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Unexpected Home Game A True Community Effort
Escalon varsity football players stand at attention as the National Anthem is played, with a smoky haze in the air and the flag at Engel Field at half-staff in honor of the 13 American service members killed in Afghanistan in a terrorist bombing. Marg Jackson/The Times

The saying “It takes a village” is used in a variety of scenarios – the most recent being the unexpected Friday night home football game in Escalon.

Wildfires leading to poor air quality in San Andreas, where Calaveras High School was set to host Escalon, saw the game relocated to Escalon on Aug. 27 … with very little notice.

But with the community rallying, it worked out and Engel Field was the host site for the non-league JV and varsity contests.

“It was a complete team effort to get the game relocated from Calaveras to Escalon in just a few short hours. I checked with Calaveras on Thursday and they said the conditions were fine; according to them, the air quality was actually worse the previous week,” noted Escalon Athletic Director Nate Bartelink. “We checked with them again early Friday morning and they said things looked good. By 9:30 a.m., the air quality in that area changed drastically for the worse and Calaveras asked if we could start developing a contingency plan to possibly host the games.”

Planning as if the possibility would become a reality, Bartelink said preparations quickly got underway.

“Maintenance began lining the field even before we had confirmation of the game being played at Escalon, just in case. Steve Lewis came in on his day off to help get that done. We quickly got to work contacting all of the people we typically would throughout the week of a home game,” explained Bartelink. “By 11 a.m., it was decided that the game was officially being moved to Engel Field. Escalon Ambulance and Escalon Police Department did not flinch and said they would have their typical crew at the games. The referees were contacted to let them know of the switch.”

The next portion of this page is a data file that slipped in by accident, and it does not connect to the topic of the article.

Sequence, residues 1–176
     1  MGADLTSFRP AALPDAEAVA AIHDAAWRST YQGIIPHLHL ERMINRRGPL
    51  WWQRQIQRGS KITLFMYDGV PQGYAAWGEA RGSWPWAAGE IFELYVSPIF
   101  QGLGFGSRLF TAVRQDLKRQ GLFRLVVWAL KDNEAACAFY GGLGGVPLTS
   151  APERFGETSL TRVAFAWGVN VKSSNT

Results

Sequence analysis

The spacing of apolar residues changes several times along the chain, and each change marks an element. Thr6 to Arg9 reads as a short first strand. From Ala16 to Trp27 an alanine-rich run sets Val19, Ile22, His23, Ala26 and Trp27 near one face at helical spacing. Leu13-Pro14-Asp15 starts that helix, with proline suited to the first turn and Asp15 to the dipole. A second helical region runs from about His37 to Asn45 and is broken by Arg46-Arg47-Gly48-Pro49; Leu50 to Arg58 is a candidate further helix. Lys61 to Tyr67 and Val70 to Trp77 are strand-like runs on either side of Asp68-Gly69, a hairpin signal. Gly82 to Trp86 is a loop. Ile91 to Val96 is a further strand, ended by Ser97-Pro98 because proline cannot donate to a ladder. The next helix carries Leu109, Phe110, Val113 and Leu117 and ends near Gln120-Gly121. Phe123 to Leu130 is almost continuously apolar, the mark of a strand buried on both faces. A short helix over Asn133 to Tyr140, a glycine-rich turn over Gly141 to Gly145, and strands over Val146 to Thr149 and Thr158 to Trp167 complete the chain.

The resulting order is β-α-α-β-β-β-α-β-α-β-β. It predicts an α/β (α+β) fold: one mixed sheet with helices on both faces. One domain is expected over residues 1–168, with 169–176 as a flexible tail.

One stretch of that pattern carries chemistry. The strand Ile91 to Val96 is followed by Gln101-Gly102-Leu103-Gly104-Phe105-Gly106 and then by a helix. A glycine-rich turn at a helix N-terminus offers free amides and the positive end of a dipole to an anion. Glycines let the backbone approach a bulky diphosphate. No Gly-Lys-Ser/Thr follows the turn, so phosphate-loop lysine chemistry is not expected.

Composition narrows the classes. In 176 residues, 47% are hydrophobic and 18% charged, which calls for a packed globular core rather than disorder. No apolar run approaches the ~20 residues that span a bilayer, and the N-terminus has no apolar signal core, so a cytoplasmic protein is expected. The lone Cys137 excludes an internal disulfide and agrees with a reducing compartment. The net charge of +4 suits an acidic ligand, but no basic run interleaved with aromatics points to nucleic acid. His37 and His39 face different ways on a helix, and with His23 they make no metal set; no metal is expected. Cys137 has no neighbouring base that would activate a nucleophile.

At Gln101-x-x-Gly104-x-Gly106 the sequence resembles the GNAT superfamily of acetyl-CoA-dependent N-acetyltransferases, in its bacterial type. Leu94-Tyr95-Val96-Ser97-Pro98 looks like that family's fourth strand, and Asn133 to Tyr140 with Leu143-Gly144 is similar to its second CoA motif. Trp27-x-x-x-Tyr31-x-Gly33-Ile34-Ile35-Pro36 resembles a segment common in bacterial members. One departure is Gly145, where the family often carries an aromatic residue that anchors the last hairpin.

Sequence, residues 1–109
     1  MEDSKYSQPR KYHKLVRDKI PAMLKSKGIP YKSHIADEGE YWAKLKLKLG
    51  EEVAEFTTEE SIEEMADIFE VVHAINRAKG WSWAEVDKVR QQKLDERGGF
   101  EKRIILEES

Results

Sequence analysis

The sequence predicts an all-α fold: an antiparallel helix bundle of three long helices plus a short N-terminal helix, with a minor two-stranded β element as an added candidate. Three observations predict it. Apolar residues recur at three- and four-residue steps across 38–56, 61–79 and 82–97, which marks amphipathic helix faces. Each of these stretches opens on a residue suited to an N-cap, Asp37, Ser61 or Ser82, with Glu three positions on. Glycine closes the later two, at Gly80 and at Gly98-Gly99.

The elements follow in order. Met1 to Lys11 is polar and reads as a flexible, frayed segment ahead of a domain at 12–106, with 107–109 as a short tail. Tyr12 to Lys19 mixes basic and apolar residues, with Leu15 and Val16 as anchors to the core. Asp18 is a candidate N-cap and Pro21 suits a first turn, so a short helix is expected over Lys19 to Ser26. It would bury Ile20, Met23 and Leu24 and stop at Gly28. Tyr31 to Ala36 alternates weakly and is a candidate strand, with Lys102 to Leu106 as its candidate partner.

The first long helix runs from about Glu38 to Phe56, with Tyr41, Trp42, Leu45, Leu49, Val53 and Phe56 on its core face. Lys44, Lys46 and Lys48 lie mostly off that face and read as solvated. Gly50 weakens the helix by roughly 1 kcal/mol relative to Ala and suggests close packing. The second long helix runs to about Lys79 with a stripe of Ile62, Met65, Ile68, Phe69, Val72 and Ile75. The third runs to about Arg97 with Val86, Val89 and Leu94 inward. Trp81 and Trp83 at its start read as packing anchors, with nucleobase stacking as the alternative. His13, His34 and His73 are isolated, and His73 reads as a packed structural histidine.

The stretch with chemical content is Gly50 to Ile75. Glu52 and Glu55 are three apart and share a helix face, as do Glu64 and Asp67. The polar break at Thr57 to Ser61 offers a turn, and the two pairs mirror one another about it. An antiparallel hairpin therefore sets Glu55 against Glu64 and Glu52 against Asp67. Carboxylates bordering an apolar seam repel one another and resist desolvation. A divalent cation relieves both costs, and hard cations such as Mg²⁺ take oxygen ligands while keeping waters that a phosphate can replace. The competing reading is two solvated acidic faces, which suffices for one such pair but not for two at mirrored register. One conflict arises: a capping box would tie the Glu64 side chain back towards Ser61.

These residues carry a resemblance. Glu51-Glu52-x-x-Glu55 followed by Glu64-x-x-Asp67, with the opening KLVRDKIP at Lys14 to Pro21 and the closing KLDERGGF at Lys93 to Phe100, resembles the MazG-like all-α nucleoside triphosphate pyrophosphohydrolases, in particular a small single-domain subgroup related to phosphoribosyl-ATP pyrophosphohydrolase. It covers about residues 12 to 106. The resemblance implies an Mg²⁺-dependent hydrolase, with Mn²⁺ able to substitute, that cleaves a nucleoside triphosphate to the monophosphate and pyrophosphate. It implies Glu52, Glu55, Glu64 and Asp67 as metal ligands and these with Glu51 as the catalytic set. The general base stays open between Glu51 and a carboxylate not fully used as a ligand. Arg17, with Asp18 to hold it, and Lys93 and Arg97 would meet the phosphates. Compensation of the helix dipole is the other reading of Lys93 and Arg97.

Just having the field ready and the various crews was only part of the process, however, as a home game means needing plenty of food and beverages for the crowd.

“Escalon Sports Boosters was at the store stocking up on snack bar supplies by late morning and the EHS volleyball parents jumped at the opportunity to work the snack bar during the game,” Bartelink added. “Our ticket takers committed to being there without hesitation. Our custodial crew did an amazing job, as usual. Nick Caton, our PA announcer, and our chain gang stepped up to fill their roles. EHS teachers and administration provided the necessary supervision during the game.”

For varsity head coach Andrew Beam, he said the team winning a 41-0 decision over the visiting Calaveras squad was just the icing on a very sweet cake served up by everyone involved in the home game effort.

“That’s where we need to start,” Beam said. “We acknowledge our community, our administration, our Athletic Director, every person involved in this just deserves a huge thank you.”

The coach said there “wasn’t even a hesitation” when the unexpected workload was presented; everyone just put their head down and got the job done, allowing the teams to play the games and the fans to enjoy them.

Calaveras brought a sizeable contingent of fans and the turnout was equally as good on the Escalon side, Beam said, with everyone anxious to get out and support the squads.

Among those enjoying the chance to play and get involved in the win was JP Lial, a running back and linebacker.

“Our senior leadership stepped up a lot and we really came together as a team,” he said of delivering the shout victory. “Calaveras was a very physical team, we definitely had to step up.”

Senior tight end EJ Lewis also made his presence felt, pulling in his first two touchdown passes of the season.

“It feels good,” he admitted, with the Cougars allowing no points while scoring a half dozen touchdowns. “We were able to smash it down their throats.”

The shutout notwithstanding, Beam said the important thing was having the opportunity to get on the field.

“This was a typical community effort you would hope to see,” he said, adding that Escalon residents didn’t disappoint. “They came out and were awesome, there was a lot of support.”

Beam said it was also a difficult day in some ways, as the players waited to see if they would be able to put on the gear, getting the go ahead as the air quality was deemed acceptable shortly before kickoff.

“With all of that distraction and uncertainty, the kids did very well,” Beam said.

Look for the full game story and photos in Sports, Page A8.

“It was great to see the community of Escalon come together to help make this game happen,” summarized Bartelink. “It’s been a difficult past 18 months and we wanted to do everything within our power to get this game played for the players and coaches from both schools.”